Business Finance Series – What is Invoice Finance? – Part 4
Business Finance Series – What is Invoice Finance? – Part 4
 In Business Loans, Finance, Funding Track, Invoice Finance

This is the fourth in a blog series I started a couple of weeks ago, talking all about invoice finance.

As I mentioned last week, there are a variety of options available when it comes to invoice finance. They all work in different ways and have different qualifying criteria, but essentially the main types of invoice finance are as follows:

  • Factoring
  • Spot factoring
  • Invoice discounting
  • Selective invoice discounting

Over the next few weeks I’m looking at each of the options in more detail, continuing this week with spot factoring.

Spot Factoring
This refers to a form of factoring where a business “sells” a specific invoice to a factoring company and borrows a percentage of the value of the invoice, with the cash raised then being available to inject into the business.

It is fundamentally the same as full factoring as described last week, with one crucial difference.

With a full factoring facility, the security for the facility is all the invoices raised by the business. It is an ongoing, rolling contract where funds are raised against the entire sales ledger.

Spot factoring, also known as single invoice factoring, differs in that there is no need to factor all the invoices within the sales ledger. Instead, spot factoring allows you to raise funds against individual invoices. In other words, you can choose which invoices to raise funds against, invoice-by-invoice.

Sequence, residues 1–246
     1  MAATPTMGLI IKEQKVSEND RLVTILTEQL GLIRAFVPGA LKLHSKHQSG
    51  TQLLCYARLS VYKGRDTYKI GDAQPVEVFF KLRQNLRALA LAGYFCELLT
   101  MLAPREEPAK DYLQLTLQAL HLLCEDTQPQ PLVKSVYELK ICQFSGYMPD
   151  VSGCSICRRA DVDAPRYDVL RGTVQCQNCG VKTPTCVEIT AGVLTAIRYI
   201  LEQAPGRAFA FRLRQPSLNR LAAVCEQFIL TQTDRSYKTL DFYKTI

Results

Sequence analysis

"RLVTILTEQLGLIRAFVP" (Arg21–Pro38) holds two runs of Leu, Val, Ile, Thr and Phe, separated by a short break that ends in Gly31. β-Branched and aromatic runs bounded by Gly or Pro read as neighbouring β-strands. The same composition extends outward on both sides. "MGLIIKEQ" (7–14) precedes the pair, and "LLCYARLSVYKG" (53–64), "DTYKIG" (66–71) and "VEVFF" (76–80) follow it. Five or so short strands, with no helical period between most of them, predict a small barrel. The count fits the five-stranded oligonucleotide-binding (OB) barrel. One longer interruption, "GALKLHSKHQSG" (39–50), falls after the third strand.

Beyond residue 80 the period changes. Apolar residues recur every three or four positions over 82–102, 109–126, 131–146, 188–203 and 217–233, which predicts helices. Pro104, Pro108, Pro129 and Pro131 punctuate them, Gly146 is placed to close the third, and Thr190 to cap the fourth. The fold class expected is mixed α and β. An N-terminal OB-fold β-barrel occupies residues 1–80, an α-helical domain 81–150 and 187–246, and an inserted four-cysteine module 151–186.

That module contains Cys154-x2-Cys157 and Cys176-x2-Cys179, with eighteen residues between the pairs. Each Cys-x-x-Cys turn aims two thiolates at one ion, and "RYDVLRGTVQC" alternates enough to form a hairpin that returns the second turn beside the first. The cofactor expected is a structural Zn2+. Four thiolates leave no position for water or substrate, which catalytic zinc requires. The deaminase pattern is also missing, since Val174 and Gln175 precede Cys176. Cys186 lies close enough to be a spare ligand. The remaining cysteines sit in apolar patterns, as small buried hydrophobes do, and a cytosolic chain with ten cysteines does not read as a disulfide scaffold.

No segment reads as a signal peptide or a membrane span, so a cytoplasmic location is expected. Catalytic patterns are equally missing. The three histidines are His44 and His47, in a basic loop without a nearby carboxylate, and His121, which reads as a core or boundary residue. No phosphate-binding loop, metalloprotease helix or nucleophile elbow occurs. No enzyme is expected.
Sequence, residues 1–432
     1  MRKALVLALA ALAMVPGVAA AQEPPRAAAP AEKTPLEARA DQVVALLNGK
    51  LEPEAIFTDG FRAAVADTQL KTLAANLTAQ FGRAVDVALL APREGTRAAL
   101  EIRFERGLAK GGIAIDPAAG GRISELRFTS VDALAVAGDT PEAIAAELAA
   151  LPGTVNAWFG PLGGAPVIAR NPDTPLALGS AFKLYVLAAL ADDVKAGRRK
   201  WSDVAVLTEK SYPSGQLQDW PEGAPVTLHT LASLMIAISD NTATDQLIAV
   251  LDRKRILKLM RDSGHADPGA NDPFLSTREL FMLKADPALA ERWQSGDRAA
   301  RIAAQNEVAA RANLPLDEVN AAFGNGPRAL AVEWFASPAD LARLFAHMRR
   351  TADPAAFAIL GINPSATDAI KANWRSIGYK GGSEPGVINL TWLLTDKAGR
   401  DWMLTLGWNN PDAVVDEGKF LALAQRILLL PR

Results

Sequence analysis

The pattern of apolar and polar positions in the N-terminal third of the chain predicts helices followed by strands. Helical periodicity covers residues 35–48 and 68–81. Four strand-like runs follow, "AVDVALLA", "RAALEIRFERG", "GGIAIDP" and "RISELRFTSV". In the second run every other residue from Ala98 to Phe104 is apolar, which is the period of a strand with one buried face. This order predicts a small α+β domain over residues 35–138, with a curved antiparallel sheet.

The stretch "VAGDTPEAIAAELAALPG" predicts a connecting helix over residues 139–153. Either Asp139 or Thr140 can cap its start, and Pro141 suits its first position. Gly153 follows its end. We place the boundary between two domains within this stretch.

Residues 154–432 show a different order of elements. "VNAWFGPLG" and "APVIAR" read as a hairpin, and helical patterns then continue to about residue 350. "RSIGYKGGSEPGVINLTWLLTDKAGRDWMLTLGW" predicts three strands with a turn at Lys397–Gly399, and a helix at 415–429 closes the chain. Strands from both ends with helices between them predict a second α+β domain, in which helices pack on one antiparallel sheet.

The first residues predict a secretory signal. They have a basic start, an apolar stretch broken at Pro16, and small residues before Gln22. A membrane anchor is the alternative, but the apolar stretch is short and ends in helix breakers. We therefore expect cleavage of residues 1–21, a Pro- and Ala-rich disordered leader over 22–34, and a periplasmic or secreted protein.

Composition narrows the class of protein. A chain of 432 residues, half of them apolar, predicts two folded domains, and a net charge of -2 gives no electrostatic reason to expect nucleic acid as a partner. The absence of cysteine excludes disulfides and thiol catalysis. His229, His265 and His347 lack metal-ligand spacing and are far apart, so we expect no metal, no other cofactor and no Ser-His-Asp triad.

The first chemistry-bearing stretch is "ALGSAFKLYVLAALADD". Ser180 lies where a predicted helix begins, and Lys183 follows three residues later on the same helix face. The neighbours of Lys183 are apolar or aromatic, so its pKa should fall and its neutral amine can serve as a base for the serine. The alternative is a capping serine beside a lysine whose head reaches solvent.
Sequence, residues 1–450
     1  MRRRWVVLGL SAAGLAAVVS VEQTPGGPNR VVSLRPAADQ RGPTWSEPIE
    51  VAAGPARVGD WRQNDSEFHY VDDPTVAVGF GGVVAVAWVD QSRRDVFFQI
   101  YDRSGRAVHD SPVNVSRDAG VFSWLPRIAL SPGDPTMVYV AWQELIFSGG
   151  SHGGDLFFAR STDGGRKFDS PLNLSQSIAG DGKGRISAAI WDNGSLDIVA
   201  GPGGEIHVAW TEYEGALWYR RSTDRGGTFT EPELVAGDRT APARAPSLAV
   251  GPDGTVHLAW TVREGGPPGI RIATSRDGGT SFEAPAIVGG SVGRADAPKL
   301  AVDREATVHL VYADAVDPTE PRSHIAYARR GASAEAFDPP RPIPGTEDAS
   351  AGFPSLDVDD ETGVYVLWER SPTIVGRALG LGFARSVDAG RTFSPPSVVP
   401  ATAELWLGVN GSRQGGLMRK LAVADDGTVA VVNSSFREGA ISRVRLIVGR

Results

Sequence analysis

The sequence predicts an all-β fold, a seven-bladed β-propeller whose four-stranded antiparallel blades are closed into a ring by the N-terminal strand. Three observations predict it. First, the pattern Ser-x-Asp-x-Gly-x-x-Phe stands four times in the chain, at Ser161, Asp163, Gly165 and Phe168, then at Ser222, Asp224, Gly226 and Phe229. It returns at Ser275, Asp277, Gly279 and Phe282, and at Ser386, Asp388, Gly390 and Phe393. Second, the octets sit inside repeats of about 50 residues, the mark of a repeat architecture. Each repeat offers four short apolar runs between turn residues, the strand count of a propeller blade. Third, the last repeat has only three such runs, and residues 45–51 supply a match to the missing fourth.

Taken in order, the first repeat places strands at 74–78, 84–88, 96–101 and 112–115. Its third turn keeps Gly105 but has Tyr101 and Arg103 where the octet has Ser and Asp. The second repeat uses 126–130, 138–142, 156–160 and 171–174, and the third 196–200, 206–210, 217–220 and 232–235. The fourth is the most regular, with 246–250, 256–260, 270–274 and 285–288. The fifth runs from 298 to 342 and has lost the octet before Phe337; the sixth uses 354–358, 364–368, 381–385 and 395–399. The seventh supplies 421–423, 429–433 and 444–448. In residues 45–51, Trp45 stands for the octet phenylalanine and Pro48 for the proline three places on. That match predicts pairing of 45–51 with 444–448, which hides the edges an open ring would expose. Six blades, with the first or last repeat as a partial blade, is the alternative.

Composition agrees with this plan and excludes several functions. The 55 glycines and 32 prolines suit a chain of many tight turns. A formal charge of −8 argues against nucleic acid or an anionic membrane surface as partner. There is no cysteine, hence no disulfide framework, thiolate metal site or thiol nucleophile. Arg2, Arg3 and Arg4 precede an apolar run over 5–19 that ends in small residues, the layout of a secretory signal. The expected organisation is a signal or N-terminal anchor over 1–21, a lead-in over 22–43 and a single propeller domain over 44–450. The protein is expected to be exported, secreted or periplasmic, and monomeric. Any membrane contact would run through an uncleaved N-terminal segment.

In layman’s terms, full factoring is like having a monthly mobile phone contract, whereas spot factoring is more akin to using a mobile phone on a “pay-as-you-go” basis.

Again, like full factoring, spot factoring enables you to raise up to 70%-95% of the value of the invoice, with funds often being available within 24 hours.

As a result, it is a fast and effective way to access funding. Spot factoring is particularly suitable for businesses who raise invoices which tend to be of high value or where a product or service is provided on extended credit terms. This being the case it can cause a temporary cash flow shortfall.

Spot factoring could be the solution

The process for setting up spot factoring is relatively quick and straightforward.

  • Having selected a factoring company, the business sets up the new spot factoring facility and agrees the terms of the facility on offer including the percentage available against each invoice as well as agreeing the rates and charges in relation to the funding.
  • The business then chooses a specific invoice to raise funds against. This will typically be a relatively large invoice of upwards of say £5,000. The invoice is then assigned to the spot financier.
  • As part of their due diligence, the funder will verify the invoice to make sure it is not fraudulent and then advance the agreed percentage to the borrower typically between 70% and 95% of the value of the invoice being factored.
  • The charges for spot factoring are very similar to a full factoring facility, being a discount fee and a service charge. I highlighted all the costs of factoring in last weeks blog.

So, what are the advantages and disadvantages of a spot factoring facility?

Advantages: